The importance of teachers
Adam Newman | Monday, October 1, 2012
When I was a freshman in high school, my history teacher shared a story in class about a person who was interviewing for a teaching position. Instead of providing her actual credentials, the interviewee lied and said that she attended Harvard and used her friends to pretend to be Harvard admissions officials and other references. Without hesitation, I blurted out, “Why would you become a teacher if you went to Harvard?” This was a rude comment for many reasons, none more so than the fact that the teacher telling this story went to Yale.
Unfortunately, my reaction is one that most Americans share. Our society guides the best and brightest into highly-respected fields like finance, law and medicine, while looking down on those who enter education. Moreover, it is perceived that students who go to top schools are above the teaching profession and that those who become teachers would not be able to succeed anywhere else. As the saying goes, “Those who can, do, those who can’t, teach.”
Even though teachers may have a low status in society, there is no doubt of their importance. Stanford economist Erik Hanushek, America’s most respected education expert, has found that a teacher in the 90th percentile of quality can increase the income of a class of 30 students by roughly $750,000 over a lifetime, relative to a teacher in the 60th percentile of quality. Even though a strong economic case can be made for recruiting more talented people into education, only 23 percent of America’s teachers graduate in the top third of their college class, while the best performing countries such as Finland, South Korea and Singapore recruit virtually 100 percent of their teachers from the top third of their college class.
Turning the teaching profession into a highly-respected profession will mean tearing down what former New York City schools chancellor Joel Klein calls the “three pillars of mediocrity.” The first pillar is “lock-step pay,” where teachers are paid based on the number of years they have taught and the degrees they hold instead of on their performance and the subject they teach. This effectively creates such low pay for entry-level teachers that many are dissuaded from the education profession and also fails to compensate teachers with highly sought-after backgrounds in science and math.
The second pillar is “tenure,” the rule in American education that makes it logistically impossible to fire a teacher for merit, usually after four years of service. This provision keeps ineffective teachers in classrooms and makes it harder for younger teachers to enter the profession. Tenure eliminates incentives for teachers to maintain high performance and creates professional complacency.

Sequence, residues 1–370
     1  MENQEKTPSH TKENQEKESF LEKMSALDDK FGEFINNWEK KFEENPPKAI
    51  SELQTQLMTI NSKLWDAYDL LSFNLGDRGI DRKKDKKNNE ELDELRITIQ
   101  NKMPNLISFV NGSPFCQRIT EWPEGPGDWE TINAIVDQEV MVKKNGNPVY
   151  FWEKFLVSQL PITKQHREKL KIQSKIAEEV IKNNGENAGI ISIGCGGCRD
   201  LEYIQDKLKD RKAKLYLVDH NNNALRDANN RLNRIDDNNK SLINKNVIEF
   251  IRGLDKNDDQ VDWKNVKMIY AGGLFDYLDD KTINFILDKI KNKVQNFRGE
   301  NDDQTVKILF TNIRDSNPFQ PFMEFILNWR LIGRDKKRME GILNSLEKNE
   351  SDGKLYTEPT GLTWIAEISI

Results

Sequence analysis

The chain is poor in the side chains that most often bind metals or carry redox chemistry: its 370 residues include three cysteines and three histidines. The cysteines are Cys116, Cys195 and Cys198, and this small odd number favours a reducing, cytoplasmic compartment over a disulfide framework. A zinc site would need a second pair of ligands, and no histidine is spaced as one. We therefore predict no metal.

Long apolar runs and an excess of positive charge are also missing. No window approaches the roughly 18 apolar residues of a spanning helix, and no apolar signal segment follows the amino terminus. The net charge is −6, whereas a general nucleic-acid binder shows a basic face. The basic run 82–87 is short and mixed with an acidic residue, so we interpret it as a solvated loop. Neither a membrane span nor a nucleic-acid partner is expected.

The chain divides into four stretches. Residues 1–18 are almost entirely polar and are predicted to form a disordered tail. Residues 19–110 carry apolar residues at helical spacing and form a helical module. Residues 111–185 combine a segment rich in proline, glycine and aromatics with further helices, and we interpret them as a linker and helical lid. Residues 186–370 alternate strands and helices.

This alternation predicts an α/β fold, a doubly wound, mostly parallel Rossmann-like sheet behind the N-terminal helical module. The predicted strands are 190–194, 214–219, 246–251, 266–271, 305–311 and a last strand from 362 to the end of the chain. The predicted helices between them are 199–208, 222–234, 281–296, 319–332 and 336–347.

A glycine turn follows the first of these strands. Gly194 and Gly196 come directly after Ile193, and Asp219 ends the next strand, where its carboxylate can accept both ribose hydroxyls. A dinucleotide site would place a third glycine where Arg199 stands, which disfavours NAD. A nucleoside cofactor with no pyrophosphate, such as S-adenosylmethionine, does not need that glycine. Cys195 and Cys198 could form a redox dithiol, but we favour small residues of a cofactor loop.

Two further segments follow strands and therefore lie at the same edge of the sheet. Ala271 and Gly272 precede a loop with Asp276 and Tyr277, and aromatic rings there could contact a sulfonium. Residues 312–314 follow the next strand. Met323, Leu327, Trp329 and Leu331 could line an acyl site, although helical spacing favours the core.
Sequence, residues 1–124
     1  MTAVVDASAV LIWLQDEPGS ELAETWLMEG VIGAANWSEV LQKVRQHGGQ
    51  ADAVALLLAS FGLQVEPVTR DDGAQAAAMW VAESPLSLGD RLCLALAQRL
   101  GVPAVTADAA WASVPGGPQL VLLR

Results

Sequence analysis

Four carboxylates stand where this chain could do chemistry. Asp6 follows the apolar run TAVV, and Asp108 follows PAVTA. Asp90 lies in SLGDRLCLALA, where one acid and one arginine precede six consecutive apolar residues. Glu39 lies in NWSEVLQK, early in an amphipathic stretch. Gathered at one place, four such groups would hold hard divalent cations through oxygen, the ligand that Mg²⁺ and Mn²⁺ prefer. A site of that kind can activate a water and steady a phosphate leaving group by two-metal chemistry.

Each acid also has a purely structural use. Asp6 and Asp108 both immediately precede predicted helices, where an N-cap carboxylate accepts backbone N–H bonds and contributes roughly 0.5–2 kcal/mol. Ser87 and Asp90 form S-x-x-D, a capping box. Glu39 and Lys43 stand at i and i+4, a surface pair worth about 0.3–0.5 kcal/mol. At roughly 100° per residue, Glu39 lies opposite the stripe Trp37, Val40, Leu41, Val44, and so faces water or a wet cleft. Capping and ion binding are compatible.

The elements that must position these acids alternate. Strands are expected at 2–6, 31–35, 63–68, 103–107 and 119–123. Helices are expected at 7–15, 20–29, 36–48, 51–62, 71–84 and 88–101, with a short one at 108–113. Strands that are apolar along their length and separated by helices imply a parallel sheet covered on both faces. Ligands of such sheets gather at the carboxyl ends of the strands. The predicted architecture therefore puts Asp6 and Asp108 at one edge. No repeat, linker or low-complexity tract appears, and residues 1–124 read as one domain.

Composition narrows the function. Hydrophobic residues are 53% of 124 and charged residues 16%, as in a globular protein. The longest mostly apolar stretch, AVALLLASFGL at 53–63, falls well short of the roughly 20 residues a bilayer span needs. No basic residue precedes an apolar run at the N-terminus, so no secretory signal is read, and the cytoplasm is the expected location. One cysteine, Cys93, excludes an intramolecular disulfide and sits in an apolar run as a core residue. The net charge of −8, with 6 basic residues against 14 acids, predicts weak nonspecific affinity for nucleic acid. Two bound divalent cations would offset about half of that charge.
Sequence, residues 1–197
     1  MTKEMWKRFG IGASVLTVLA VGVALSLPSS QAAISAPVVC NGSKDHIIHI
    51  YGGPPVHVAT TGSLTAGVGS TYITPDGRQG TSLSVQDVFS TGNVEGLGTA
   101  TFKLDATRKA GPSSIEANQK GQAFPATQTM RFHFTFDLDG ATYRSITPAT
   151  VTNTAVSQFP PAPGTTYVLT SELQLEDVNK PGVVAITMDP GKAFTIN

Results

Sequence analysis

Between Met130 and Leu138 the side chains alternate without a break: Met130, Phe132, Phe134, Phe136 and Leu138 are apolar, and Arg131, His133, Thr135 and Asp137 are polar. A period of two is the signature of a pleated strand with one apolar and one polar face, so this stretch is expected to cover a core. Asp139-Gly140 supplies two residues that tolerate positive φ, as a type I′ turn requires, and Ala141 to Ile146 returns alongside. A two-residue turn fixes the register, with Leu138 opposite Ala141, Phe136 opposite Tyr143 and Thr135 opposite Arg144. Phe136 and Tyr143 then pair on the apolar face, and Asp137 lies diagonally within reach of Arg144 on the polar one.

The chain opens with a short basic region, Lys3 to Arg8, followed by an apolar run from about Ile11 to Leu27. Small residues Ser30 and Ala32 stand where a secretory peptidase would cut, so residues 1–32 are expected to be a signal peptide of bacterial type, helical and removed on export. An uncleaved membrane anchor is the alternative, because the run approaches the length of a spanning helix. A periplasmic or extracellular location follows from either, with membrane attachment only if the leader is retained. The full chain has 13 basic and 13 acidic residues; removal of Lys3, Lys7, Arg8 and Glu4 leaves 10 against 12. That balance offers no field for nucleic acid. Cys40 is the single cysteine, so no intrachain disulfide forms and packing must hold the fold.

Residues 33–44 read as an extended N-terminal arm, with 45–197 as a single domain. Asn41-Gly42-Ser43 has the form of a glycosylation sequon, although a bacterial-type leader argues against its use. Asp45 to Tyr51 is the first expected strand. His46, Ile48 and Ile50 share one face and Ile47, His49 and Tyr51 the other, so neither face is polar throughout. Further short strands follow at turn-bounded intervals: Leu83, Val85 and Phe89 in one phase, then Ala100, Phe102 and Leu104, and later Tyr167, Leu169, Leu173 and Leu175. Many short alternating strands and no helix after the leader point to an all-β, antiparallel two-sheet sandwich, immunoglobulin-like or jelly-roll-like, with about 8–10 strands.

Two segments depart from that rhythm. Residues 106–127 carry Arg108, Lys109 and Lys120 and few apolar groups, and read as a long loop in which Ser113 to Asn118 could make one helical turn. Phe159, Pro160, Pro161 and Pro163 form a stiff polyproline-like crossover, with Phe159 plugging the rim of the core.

The final pillar is “seniority,” the rule that teachers who are the last hired are the first fired, even though research shows seniority is not a factor in teaching effectiveness after five years. As states have been forced to balance their budgets, many young teachers have been laid off without any regard to their effectiveness.
If these three pillars can be replaced with a more flexible labor market that pays high salaries to effective teachers, while working to push out poor and mediocre performers, slowly, the profession will become more respected. It will begin to draw a superior talent pool, allowing American education to evolve from a national disgrace to an institution that can turn around what is seemingly a nation in decline.
Many critics of these reforms, known as “traditionalists,” usually point to a million factors to improve education rather than teacher effectiveness, most notably poverty. The argument goes: “Eliminate poverty through government aid and education will improve.” This is often used as an excuse for the failure of American education. While welfare programs do have an important role in our society, we know that they are more geared towards redistributing wealth than creating it. A quality education, on the other hand, can give people the skills and knowledge necessary so that they are less dependent on government, something both Democrats and Republicans want to see. As the saying goes: “Give a man a fish, and you will feed him for a day. Teach a man to fish, and you will feed him for a lifetime.”
There are perhaps few professions more important in our society than teaching. But as long as the three pillars of mediocrity exist, American education will never allow America to live up to its full potential. If we can break the three pillars of mediocrity, eventually high school students won’t question why someone would attend Harvard to become a teacher – they will declare openly that they want to go to Harvard so they can become one.
Adam Newman is a senior political science major. He can be reached at email@example.com
The views expressed in this column are those of the author and not necessarily those of The Observer.